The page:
Lac Province, 21 March 2022 – Five years ago, Mariam lost everything after Boko Haram brutally attacked her village near Lake Chad.
“We fled immediately and left everything behind us,” she recalls. “We put our children on donkeys, and the adults walked in front.”
After two long days of walking through the arid lands around Lake Chad, Mariam and other displaced families settled in Dar al-Amni, a large displacement site located outside of Baga Sola, in Chad’s Lac province, hosting more than 6,000 internally displaced persons (IDPs) following Boko Haram’s attacks. On the site, the International Organization for Migration (IOM) and other humanitarian agencies provided shelter, food and non-food assistance for Mariam and her family.
Around Lake Chad, IDPs are particularly exposed to the intensifying effects of environmental degradation and climate change caused by varying rainfall patterns and extreme temperatures.
“The limited access to resources such as land and water pushes displaced persons to travel long distances, sometimes back to their communities of origin, to fish, farm or search for alternative livelihoods, thereby exposing themselves to various pains and risks of violence,” explains Mouftah Mohammad, a project manager with IOM Chad.
“Displaced women are particularly vulnerable as the precarious conditions they are forced to work in such as limited water supplies and the use of manual wells expose them to risks of physical pain, abuse and gender-based violence.”
Since 2021, IOM has been piloting the “Ngasso” project at the Dar al-Amni site to usher in more durable solutions to displacement in Lake Chad and build the resilience of displaced populations, especially women like Mariam. The name means “together” in Kanembu, a language spoken by Chadians around the Lake.
In collaboration with local community members and authorities, the project seeks to strengthen their livelihoods while reducing their risk of exposure to gender-based violence through the allocation of a one-hectare plot of land near the Dar al-Amni site where the women's group of Mariam lives.
In addition to providing them access to land, IOM installed a solar-powered irrigation system on the plot and provided the women with farming tools and seeds to enable them to farm their own produce closer to home.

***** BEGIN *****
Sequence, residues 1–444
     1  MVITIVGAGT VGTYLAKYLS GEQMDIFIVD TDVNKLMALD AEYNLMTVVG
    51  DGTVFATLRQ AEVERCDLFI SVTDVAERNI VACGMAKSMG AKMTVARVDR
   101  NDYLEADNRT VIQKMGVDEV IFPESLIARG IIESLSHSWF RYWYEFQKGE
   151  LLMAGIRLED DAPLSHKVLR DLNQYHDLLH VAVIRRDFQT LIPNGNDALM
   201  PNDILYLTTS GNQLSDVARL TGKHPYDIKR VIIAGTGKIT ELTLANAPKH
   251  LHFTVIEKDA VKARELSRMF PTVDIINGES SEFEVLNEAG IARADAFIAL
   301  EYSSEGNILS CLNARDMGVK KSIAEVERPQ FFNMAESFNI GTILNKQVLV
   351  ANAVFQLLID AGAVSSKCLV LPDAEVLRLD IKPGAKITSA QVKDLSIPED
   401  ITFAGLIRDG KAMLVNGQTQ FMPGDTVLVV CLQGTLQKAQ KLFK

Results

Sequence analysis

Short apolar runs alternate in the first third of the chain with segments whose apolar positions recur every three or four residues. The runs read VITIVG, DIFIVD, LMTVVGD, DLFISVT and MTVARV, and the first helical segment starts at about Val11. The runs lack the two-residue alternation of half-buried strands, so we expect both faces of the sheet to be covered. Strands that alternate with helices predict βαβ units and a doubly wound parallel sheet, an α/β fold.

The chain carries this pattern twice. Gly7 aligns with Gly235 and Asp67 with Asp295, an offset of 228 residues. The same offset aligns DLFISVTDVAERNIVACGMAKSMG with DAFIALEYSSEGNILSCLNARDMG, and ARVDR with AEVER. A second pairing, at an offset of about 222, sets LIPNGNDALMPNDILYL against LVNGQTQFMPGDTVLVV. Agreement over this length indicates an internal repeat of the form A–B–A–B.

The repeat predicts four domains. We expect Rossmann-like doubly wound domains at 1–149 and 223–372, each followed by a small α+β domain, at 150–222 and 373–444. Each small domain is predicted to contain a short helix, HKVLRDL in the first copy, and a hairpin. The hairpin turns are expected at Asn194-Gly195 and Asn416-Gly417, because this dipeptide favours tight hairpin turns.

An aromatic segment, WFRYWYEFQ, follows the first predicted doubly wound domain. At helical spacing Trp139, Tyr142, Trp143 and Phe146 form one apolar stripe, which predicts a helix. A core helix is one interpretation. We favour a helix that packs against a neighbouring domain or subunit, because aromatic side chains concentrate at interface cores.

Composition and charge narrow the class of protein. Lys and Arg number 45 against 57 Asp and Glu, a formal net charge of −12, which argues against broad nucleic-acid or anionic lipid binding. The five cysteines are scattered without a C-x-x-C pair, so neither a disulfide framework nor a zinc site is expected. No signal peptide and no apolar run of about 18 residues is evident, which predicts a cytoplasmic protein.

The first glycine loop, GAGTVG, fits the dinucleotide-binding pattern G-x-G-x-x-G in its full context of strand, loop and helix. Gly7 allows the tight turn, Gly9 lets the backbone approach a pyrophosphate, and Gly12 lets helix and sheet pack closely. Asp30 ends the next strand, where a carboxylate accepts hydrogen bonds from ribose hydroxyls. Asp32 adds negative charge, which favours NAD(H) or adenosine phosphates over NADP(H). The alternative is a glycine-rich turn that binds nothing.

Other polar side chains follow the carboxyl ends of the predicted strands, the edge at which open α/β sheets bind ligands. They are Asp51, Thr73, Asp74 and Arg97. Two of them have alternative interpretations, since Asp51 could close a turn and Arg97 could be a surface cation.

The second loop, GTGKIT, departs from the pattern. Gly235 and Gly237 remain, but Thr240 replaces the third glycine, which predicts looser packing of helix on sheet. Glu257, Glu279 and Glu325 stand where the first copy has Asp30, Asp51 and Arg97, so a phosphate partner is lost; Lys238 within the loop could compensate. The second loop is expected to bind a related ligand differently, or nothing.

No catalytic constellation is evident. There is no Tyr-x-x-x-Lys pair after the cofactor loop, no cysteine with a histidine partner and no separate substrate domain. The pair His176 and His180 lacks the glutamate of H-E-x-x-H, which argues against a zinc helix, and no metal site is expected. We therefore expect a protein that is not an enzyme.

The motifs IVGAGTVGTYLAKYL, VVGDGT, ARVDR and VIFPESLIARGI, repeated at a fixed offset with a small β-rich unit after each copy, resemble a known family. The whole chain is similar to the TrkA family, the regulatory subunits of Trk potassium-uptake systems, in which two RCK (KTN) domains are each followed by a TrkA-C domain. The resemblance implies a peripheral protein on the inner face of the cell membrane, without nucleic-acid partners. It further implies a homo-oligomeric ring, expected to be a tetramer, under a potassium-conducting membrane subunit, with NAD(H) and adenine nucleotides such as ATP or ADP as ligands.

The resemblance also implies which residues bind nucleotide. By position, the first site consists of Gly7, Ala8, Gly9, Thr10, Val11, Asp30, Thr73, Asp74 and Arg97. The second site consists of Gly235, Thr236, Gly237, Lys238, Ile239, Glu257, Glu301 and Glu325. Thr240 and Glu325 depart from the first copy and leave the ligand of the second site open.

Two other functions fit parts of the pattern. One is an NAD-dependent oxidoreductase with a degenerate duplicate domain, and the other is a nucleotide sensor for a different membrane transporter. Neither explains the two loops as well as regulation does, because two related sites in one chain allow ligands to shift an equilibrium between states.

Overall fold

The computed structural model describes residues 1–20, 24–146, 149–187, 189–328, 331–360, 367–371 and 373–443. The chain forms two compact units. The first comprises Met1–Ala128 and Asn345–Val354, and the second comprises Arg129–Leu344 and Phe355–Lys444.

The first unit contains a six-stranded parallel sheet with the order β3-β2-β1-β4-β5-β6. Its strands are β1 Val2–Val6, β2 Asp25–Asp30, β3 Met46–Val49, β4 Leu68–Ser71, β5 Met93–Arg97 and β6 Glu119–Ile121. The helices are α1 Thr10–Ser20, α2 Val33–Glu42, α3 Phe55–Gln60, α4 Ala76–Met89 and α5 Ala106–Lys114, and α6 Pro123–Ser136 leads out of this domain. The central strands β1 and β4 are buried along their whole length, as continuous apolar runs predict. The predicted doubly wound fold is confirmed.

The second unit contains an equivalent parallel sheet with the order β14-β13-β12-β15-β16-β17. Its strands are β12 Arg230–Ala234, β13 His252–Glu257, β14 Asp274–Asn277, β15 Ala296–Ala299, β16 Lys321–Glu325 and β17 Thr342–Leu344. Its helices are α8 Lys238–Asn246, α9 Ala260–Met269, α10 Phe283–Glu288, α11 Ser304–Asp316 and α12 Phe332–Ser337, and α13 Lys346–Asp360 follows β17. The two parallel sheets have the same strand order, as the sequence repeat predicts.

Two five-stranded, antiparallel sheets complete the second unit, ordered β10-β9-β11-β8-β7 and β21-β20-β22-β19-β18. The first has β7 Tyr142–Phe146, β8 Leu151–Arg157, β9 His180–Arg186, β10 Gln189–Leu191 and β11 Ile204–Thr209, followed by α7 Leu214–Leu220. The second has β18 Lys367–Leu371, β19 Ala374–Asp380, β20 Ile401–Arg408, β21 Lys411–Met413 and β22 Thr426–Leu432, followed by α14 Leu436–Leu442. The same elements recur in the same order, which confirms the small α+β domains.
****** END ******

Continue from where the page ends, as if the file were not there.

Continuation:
Through the project, IOM also partnered with the National Rural Development Support Agency (ANADER) which trained the women in climate-resilient agricultural techniques.
“Back in our village, the land was fertile, but we did not know how to make the most of it,” says Mariam. “Here, however, we have learned market gardening, nursery techniques for seedlings and seasonal farming, and our yield is better. We have already harvested two bags of millet and two-and-a-half bags of okra in record time.”
With their increased yield, the women are now earning enough to establish a savings fund, which helps send their children to school and pay medical bills on time.
Across Chad’s Lac province, the majority of IDPs do not wish to return to their area of origin as they feel more secure in their current location. As the displacement situation enters its seventh year, durable solutions are needed to ensure the needs of IDPs are met, particularly those of women who make up 55 per cent of the displaced population.
“The Ngasso project shows that a holistic and integrated approach to local integration is possible for internally displaced persons,” says IOM’s Mouftah Mohammad. “Indeed, durable solutions not only reinforce women’s livelihoods, but also contribute to their long-term resilience to climate shocks as they learn lifelong, climate-resilient farming skills.”
The “Ngasso” project is supported by the Australian Government Department of Foreign Affairs and Trade (DFAT).
For more information, please contact François-Xavier Ada, Communications and Policy Officer, IOM Chad, Email: firstname.lastname@example.org.